Lola laughed most of the way home, until the streetlights began to grow thinner, and home began to grow closer.

When they reached the long driveway of the farm, Harold went to turn in.

“Mr Harry, I want to walk the rest of the way. The car will make mum wake up”, she said.

Harold nodded, knowing that the real reluctance came from her fear that her family would try to destroy the small bubble of happiness she had just discovered. He and Harriet would need to speak to her parents if she was to spend time in their home.

“Don’t forget, Lola. I need you. Nobody else can help me find Mrs Hairy’s flying broomstick!” he reminded her.

Lola laughed again.

“Don’t call her Mrs Hairy, Mr Harry! She’ll put you in trouble and then I’ll have to undo the spell!”

She darted up the driveway and Harold turned the car towards home.

A long time later, his key turned in the front door and he found Harriet in the living room, a pot of tea ready on the coffee table.

“I’ve seen her around, you know? Without ever ‘seeing’ her. All I saw was her family name, her fat, grubby stomach always poking out of shirts and shorts that should have gone to goodwill months before.” He said, sadly, taking his chair next to the fireplace.

“We always say that there’s no helping people like that. They don’t want any help, they just spit it back in your face” he continued, picking up the teapot and filling his cup.

“What I’ve learned tonight is that part of what makes them who they are, is us. Our attitudes, our instinctive reaction to their appearance or the rough way they speak. They don’t want our help because it is never genuinely offered. It is only offered as a means to make us more comfortable with them, not to make them more comfortable in themselves” He paused then, reluctant to put his next thought into words.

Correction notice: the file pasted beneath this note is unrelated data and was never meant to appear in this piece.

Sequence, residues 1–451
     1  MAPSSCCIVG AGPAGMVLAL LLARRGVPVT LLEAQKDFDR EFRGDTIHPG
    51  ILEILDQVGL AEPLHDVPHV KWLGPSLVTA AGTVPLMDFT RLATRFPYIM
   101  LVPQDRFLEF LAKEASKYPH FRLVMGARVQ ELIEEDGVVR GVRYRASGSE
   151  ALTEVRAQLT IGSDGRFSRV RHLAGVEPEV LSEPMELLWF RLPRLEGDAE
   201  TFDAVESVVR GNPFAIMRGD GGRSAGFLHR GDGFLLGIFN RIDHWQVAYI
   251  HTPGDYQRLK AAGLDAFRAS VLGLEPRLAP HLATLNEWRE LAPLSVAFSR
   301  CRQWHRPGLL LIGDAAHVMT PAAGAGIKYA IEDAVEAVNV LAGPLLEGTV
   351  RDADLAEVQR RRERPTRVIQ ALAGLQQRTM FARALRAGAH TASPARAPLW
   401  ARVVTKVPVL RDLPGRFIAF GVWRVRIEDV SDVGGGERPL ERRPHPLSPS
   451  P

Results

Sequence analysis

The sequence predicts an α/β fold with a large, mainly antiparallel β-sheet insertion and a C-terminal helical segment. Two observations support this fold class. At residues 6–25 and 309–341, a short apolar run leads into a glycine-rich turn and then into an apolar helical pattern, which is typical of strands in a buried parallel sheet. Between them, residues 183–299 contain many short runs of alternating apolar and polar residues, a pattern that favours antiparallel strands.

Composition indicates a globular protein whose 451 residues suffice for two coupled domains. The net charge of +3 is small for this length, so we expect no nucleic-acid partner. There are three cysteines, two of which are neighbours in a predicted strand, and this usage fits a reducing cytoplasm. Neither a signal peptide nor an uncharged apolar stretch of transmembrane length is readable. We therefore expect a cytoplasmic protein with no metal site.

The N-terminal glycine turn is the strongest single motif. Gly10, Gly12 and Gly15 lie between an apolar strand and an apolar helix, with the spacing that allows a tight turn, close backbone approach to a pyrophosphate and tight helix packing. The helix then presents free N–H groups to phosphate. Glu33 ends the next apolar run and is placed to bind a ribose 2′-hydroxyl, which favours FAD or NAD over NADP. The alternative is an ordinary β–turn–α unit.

“That girl has more reason to hate us, than we’ve ever had to hate her, and yet, she doesn’t. We are the freaks and monsters in this town, Harriet. We who sit on high, judging everyone else who walk below us, and yet it’s only in our own minds that we have placed a distinction between them and us.  All Lola wanted was acceptance, to be included in something, wanted somewhere. When I look back at my own life, that’s all I’ve ever wanted, too.”

When he didn’t continue, Harriet spoke.

“Lola isn’t full of hatred yet. But she will be. As the years go by and her treatment remains the same, Lola will learn to hate. Lola will become her mother, or her stepfather. She will become her uncle who beats the prostitute from the roadhouse every payday. Or she’ll become her sister who is the prostitute at the roadhouse because she will grow up believing that she deserves no better.”

“For tonight at least, Lola discovered that she is wanted somewhere, even if it’s with old Mr and Mrs Harry”, she finished, glumly.

“Hairy. You’re now Mrs Hairy”, Harold corrected, his sparkling eyes grinning at her over the rim of his teacup.

Just the beginning of one more unfinished story

She can hear the Town Bell’s dull, mournful cry from the back room of the house.